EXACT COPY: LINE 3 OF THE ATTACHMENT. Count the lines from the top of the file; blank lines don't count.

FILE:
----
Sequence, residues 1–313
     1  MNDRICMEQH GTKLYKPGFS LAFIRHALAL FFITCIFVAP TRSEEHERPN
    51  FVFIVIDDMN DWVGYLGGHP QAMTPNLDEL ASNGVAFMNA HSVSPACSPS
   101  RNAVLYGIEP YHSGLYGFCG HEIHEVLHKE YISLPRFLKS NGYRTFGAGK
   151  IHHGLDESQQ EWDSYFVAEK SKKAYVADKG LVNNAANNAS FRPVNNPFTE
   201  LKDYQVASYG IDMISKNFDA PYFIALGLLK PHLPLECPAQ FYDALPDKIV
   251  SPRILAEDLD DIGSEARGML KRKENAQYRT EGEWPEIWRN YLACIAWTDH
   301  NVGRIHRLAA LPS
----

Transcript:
    51  FVFIVIDDMN DWVGYLGGHP QAMTPNLDEL ASNGVAFMNA HSVSPACSPS